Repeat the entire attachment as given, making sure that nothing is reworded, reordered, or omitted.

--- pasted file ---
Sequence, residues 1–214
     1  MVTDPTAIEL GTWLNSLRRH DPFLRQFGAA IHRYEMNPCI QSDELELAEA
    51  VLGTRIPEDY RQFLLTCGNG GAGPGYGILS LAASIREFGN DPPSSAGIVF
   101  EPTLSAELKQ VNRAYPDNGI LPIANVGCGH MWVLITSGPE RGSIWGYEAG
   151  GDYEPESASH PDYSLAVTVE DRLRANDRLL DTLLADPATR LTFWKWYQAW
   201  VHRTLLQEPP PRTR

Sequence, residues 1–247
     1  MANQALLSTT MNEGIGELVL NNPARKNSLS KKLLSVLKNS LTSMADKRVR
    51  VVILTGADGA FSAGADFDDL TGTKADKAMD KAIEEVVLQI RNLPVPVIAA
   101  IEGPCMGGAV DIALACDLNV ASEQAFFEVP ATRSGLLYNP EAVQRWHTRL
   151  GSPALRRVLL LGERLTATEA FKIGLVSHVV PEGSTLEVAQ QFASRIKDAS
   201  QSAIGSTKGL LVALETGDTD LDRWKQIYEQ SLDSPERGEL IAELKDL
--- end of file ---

Sequence, residues 1–214
     1  MVTDPTAIEL GTWLNSLRRH DPFLRQFGAA IHRYEMNPCI QSDELELAEA
    51  VLGTRIPEDY RQFLLTCGNG GAGPGYGILS LAASIREFGN DPPSSAGIVF
   101  EPTLSAELKQ VNRAYPDNGI LPIANVGCGH MWVLITSGPE RGSIWGYEAG
   151  GDYEPESASH PDYSLAVTVE DRLRANDRLL DTLLADPATR LTFWKWYQAW
   201  VHRTLLQEPP PRTR

Sequence, residues 1–247
     1  MANQALLSTT MNEGIGELVL NNPARKNSLS KKLLSVLKNS LTSMADKRVR
    51  VVILTGADGA FSAGADFDDL TGTKADKAMD KAIEEVVLQI RNLPVPVIAA
   101  IEGPCMGGAV DIALACDLNV ASEQAFFEVP ATRSGLLYNP EAVQRWHTRL
   151  GSPALRRVLL LGERLTATEA FKIGLVSHVV PEGSTLEVAQ QFASRIKDAS
   201  QSAIGSTKGL LVALETGDTD LDRWKQIYEQ SLDSPERGEL IAELKDL